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New Year, New Brain

7 Ways to Boost Your Brain Power in 2019

Your sister wants to lose weight. Your boss wants to quit smoking. Your cousin wants to get out of debt and repair his bad credit. Sound familiar? It should. They’re the same unmet goals from last year. And the year before.

What would happen if you broke away from the pack of standard “lose,” “quit” and “fix” and instead opted to improve something you’re going to use for the rest of your life? That’s right! You’re going to make 2019 the year you boost your brain power—and we’re going to help!

Here are seven concrete examples of things you can do to improve your brain over the course of the year. Plus, boosting your brain is that the latent consequences may positively impact your life in ways that would likely have been harder if you had set them as goals.

  1. Start exercising.

Research now shows that even light to moderate aerobic exercise improves oxygen consumption, which helps the brain to function better. In the elderly, aerobic exercise—such as walking, bicycling or yoga—has actually been found to reduce brain cell loss.

Bonus benefits: You’ll likely meet new people and lose weight.

  1. Read more.

A new study from Yale University School of Public Health has found that reading books may extend your lifespan by up to two years.

In addition, a 2013 study by researchers from Rush University Medical Center found that reading and other mentally stimulating activities may slow dementia.

Bonus benefits: Reduced stress, improved sleep, enhanced social skills, greater IQ.

  1. Enroll in personal brain training.

One-on-one brain training incorporates immediate feedback, intensity and loading, among other features, to work on brain skills. Effective brain training targets attention, auditory processing, and memory, along with visual processing, logic and reasoning and/or processing speed to make thinking, learning, reading and remembering easier and faster. Because programs are customized, personal brain training works for all ages—children, teens, adults and seniors.

“I enrolled my freshman son in nine months of brain training at LearningRx,” says Dr. Anne Murphy, Associate Professor and Associate Director of the Neuroscience Institute at Georgia State University. “He was struggling academically due to an expressive language disorder, and I was seriously worried he would be asked to leave the high school he loved. We had numerous tutors, but it was clear that he needed more. Things were not ‘sticking’. I was pretty frantic and spent a lot of time researching various programs. As a college Professor with a PhD in Neuroscience, I understand the science behind various ‘rewiring’ programs, although I remained somewhat skeptical. After extensive research, I decided to try LearningRx. At the end of his training, my son’s cognitive skills improved dramatically. One of the best things was that his school performance progressively and consistently improved, and along with it, my son’s confidence level. We went from a solid lower C student to an A/B student. One of my primary areas of research is neuroplasticity so I really should not have been surprised.”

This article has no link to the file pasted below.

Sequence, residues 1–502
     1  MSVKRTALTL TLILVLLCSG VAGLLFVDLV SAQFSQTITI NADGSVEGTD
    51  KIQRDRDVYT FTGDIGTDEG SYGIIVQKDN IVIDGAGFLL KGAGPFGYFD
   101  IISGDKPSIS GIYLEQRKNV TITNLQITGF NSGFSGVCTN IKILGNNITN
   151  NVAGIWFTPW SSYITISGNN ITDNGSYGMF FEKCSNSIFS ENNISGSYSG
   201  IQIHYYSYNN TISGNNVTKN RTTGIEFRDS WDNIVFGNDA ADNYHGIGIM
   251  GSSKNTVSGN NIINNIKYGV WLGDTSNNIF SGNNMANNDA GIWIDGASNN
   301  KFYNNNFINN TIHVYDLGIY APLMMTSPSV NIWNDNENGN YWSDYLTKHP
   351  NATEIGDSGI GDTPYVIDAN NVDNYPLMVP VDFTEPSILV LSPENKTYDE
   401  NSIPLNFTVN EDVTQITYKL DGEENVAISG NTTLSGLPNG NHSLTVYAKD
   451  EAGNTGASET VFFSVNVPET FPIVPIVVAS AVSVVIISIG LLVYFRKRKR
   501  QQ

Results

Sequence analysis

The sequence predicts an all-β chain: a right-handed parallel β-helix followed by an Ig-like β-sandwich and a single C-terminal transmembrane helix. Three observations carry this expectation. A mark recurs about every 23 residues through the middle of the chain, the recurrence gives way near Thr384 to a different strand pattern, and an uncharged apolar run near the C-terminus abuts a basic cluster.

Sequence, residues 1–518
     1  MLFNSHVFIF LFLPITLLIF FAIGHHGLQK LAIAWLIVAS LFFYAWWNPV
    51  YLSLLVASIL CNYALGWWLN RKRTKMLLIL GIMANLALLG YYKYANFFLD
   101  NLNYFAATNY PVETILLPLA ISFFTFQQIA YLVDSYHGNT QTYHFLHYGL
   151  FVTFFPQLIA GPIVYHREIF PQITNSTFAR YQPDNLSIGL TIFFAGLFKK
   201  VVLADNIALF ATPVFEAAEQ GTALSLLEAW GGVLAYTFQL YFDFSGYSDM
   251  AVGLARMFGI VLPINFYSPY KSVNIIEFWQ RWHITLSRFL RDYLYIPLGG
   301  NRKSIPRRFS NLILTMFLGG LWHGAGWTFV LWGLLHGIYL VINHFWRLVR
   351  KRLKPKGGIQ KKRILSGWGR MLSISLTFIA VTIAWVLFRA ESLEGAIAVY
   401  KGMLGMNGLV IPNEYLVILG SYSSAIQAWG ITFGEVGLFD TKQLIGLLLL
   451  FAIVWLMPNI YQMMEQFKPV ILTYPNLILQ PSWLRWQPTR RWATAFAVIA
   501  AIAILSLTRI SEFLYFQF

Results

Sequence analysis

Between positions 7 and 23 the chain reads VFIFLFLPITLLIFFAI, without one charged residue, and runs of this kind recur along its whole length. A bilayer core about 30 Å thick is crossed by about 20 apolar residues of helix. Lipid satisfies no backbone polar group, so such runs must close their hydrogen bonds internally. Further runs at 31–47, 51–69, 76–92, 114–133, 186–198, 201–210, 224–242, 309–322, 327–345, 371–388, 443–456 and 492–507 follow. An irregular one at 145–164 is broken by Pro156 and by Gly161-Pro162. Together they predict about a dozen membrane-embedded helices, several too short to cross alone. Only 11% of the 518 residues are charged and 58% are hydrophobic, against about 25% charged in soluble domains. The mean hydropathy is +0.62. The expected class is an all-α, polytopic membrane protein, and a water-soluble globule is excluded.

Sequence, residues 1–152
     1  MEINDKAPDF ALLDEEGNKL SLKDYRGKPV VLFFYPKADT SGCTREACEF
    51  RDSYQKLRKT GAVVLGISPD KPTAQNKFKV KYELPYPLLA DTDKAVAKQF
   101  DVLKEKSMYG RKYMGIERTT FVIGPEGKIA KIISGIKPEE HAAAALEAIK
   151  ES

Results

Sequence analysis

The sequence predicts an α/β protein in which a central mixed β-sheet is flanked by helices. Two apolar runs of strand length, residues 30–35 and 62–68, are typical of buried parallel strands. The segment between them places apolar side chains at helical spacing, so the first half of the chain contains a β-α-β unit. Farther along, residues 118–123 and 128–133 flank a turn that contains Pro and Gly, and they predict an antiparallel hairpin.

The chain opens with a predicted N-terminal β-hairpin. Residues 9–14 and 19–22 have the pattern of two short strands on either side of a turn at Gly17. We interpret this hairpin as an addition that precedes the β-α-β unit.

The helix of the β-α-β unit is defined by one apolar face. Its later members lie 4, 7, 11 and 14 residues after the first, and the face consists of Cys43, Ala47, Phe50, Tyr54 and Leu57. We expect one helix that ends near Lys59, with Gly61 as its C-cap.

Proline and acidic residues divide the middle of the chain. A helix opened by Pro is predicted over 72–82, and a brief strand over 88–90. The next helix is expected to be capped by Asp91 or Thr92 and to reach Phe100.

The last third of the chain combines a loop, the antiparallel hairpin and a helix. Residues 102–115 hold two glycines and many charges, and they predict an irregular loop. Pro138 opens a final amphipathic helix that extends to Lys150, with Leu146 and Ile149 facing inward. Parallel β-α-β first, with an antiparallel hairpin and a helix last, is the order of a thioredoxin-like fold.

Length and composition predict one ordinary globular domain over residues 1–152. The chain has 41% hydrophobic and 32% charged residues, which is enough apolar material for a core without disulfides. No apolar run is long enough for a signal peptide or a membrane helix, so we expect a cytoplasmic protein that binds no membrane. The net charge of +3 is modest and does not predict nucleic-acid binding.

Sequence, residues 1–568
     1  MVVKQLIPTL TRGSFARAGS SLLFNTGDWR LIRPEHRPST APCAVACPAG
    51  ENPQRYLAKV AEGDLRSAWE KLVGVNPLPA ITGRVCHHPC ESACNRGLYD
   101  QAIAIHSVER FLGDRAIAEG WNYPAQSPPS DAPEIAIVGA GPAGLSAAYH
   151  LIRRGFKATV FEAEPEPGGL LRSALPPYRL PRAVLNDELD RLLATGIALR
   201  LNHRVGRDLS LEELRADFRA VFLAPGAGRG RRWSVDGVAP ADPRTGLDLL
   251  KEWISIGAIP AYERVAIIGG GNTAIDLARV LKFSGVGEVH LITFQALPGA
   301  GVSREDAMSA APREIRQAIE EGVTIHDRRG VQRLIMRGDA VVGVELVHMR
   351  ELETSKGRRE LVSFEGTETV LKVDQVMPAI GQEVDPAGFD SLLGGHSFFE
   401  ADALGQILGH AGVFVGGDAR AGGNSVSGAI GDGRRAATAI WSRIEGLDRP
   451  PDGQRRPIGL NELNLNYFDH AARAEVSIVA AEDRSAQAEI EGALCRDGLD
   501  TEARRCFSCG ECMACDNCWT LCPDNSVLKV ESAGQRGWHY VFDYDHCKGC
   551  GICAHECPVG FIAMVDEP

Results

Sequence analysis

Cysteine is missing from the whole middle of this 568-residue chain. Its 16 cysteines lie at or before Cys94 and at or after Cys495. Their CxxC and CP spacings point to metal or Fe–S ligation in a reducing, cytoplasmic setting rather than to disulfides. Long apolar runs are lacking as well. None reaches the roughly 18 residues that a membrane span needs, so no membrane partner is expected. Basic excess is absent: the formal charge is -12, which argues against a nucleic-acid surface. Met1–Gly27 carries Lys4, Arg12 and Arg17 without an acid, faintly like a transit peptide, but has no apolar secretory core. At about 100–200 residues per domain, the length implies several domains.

Bonus benefits: Better time management and organization can mean better finances, more time for exercise and fun, and greater productivity at work.

  1. Get social.

According to the Alzheimer’s Association, research shows that regular engagement in social activities helps maintain brain vitality. Social activities include emotional support, work, volunteering, travel and participation in clubs.

Bonus benefits: Fewer visits to the doctor, fewer falls, decreased depression and better overall health.

  1. Change your diet.

In addition to ditching foods with ingredients that are bad for you—including sugar, food dye, high fructose corn syrup, MSG and artificial preservatives, among others—there are things you should be adding to your diet to help your brain function at peak performance. A few examples:

A recent study of mice found that poor learners improved their memory and learning ability after eating cinnamon.

Eating healthy foods like salmon, sardines, walnuts and blueberries can boost brain function.

Drinking more water to avoid dehydration can help your brain perform at its best.

Bonus benefits: Most likely, you’ll have more energy, lose weight and sleep better.

  1. Get more sleep.

Adequate sleep helps your brain “clean out” overnight and set memories. It’ll also keep you from living in a “brain fog” the next day.

Bonus benefits: You’ll have more energy to exercise, which is good for your brain and your body.

  1. Learn something new.

There are lots of studies showing that learning a new skill, such as playing the piano or speaking French, can help form new connections in the brain.

In one study from the National Endowment for the Arts, people who learned a second language had sharper memories and better listening skills, as well as greater cognitive flexibility, better problem solving and higher order thinking.

Bonus benefits: You’ll likely meet new people with similar interests.

Make 2019 the year of the brain and you’ll reap the benefits of keeping a “smart” resolution!